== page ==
Hay bales provide an excellent venue for growing produce, even (especially!) for beginning gardeners.
Horticulturist Joel Karsten began growing bumper crops in straw bales after college. Today, this bestselling author’s method has proven successful in nearly every global environment. He even teaches people in impoverished nations how to grow their own produce in straw.
Karsten’s bale technique can help gardeners raise tantalizing tomatoes earlier than others who follow a more conventional path. These easily accessible, affordable, and self-contained straw planters are conducive to growing hearty plants nearly anywhere.
Growing up on a farm in Minnesota, Karsten noticed plants that germinated in straw bales grew better and stronger. “I always thought, why don’t people just grow things in there?” Karsten says.
When the soil surrounding his first house in urban Minnesota wasn’t good for growing, he experimented with planting in straw bales. His garden thrived. Word got out about his successful, out-of-the-box agricultural innovation. Demand for more information drove him to write a book, while a Facebook page and website prompted interest from around the globe.
His method proved successful in the most unlikely of places, from Nordic countries and the deserts of Egypt, to right here in the Sierra Nevada. Published in 2013, Straw Bale Gardens is now printed in more than 20 languages, and Karsten states that it’s the top-selling gardening book on the planet.
He says straw-bale gardening can be done practically anywhere, even in small spaces, as long as the bales are stable. Overwatering is difficult, as the bales are natural filters, but bound bales also retain moisture well in dry climates. They generate their own warmth when properly prepped, allowing for longer growing seasons and more plant production.
Since garden weeds largely come from seeds existing in ground soil or manure, the need to weed is dramatically lessened with straw bales.
It’s also an inexpensive, less physically taxing way to garden. Bales usually cost $15 or less each, and this method requires only water, seeds or seedlings, fertilizer, and some potting soil. Raised off the ground and lighter than soil, bales also are easier to tend and transport.
Prepping for produce
To get started, pick up some inexpensive straw bales at a local livestock store or gardening center. Before planting in them, bales must go through a conditioning process for about two weeks. In general, you need a 10-hour-long day to start straw bale gardens.
Sprinkle fertilizer on the top of bales, then add a gallon of water to kick off the conditioning. Organic blood meal is preferred, with alfalfa- or soy-based fertilizer recommended instead for vegans. Chemical, aka refined, fertilizers work as well. Just make sure whatever you use doesn’t contain any herbicides.
On day one of the conditioning process, Karsten tops bales with two cups of organic — or half a cup of refined — fertilizer; he then repeats that on days three and five. Then on days seven and nine, he cuts the fertilizer amount in half. After every treatment, one gallon of water is poured over the top, allowing the nutrients to trickle through the bale. Avoid overwatering, which flushes nutrients from the straw.
Bales will begin to warm internally to about 150 degrees as the bacterial colonization encouraged through fertilization transpires.
On day 10, Karsten adds one cup of fertilizer with equal — or closely balanced — parts nitrogen, phosphorous, and potassium, again adding water. He then allows the process to complete for about two days, or until the bale is tolerable to reach into and touch. Get a compost thermometer at your local nursery to ensure you’ve reached 90 to 100 degrees, the temperature range necessary to begin planting, but your hand also is a good gauge.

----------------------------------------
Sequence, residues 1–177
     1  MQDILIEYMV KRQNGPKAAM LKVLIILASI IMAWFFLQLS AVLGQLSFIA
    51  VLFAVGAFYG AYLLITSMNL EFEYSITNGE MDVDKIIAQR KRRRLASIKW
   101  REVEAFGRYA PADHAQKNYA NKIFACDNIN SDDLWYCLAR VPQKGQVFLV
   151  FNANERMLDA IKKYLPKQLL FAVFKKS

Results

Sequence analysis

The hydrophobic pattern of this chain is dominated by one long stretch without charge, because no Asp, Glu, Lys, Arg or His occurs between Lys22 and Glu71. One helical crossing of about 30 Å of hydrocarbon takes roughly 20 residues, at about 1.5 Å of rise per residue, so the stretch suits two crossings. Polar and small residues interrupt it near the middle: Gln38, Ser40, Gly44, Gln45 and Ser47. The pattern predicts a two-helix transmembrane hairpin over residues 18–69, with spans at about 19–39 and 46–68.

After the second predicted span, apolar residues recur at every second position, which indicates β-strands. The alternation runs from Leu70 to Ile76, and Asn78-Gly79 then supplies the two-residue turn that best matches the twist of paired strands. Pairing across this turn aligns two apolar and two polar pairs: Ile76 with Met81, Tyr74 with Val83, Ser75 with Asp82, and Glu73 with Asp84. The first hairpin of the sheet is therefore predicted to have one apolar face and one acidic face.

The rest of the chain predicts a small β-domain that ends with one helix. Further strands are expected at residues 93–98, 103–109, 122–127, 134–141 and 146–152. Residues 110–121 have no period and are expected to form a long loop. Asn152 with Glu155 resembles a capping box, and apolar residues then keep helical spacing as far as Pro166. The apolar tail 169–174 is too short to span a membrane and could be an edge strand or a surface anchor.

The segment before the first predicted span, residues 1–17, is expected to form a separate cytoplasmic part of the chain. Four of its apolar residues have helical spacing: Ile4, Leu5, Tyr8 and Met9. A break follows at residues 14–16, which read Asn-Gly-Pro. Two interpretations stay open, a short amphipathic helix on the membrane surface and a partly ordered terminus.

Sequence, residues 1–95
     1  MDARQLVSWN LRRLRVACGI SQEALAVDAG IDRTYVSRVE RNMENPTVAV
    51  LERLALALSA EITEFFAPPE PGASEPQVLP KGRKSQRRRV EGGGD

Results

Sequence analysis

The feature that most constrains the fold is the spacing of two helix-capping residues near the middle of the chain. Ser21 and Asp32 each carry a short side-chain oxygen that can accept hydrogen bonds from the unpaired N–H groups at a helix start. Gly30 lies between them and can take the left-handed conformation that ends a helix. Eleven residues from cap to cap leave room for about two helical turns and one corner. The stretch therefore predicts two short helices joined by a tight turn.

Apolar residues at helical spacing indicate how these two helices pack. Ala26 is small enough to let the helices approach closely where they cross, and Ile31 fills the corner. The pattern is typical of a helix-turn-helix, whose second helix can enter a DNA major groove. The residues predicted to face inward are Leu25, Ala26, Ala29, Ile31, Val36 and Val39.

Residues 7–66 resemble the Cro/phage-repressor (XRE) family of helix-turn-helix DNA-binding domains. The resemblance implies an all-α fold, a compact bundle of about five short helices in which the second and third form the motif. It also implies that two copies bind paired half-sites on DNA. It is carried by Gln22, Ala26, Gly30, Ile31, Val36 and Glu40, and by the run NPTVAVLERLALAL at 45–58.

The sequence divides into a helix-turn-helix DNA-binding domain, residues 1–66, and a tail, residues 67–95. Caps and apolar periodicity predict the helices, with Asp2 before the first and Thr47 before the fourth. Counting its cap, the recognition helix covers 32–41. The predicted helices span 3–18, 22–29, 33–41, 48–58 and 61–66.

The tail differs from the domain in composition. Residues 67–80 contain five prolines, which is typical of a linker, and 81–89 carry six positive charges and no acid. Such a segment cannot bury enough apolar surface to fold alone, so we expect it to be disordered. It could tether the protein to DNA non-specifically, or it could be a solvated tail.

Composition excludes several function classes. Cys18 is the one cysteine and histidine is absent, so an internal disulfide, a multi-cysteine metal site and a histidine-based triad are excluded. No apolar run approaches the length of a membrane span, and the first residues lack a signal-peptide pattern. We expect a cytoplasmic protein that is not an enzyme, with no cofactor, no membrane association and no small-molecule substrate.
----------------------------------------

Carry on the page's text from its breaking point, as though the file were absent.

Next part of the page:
Once properly conditioned, bales naturally generate heat. Their internal warmth protects roots from cold, resulting in strong, hardy root systems, even in chillier climates. After two years of use, bales can be composted.
Once conditioned, add a thin layer of fresh, soil-free potting mix, such as peat moss, to bale tops, then plant either seeds or seedlings. Karsten suggests topping the bales with a drip-irrigation system or a less pricey soaker hose to keep them well hydrated and disease-free. But forego dousing the foliage; wet leaves are Petri dishes for disease and fungus.
For curious novices, Pawl Hollis of Rail City Garden Center in Sparks, Nevada, suggests they “keep it small and simple. It’s so simple to be successful.”
In his years of experience, he has enjoyed great success with growing vining plants such as cucumbers and squash; rooting vegetables including carrots, beets, and sweet potatoes; and upright plants such as tomatoes and peppers. Experiment, though, as these self-contained gardens welcome many other plants and herbs, too.
For cold snaps, Hollis recommends getting and using a frost cloth versus covering plants with plastic, which he says can cause more freezing. Plant uprights and vining plants no earlier than March, depending on your climate, and have foliage protection from the cold available, as these plants are frost intolerant.
The number of plants per bale depends on both bale and plant size. Grow more in a single bale by staggering plants of differing heights. For instance, taller plants such as tomatoes can benefit shade-loving growth below, such as basil, and carrots can grow within the same straw.
Understand that hybrid plants will have far larger foliage structures once grown than heirloom varietals, so think ahead and plant accordingly.
Simplify your gardening and surprise your neighbors this season with a straw-borne harvest. You may never go back to soil again.
For details about straw-bale gardening from horticulturist Joel Karsten or to purchase Straw Bale Gardens or any of his other books, visit Strawbalegardens.com.
*This gardening story comes to us from Edible Reno-Tahoe.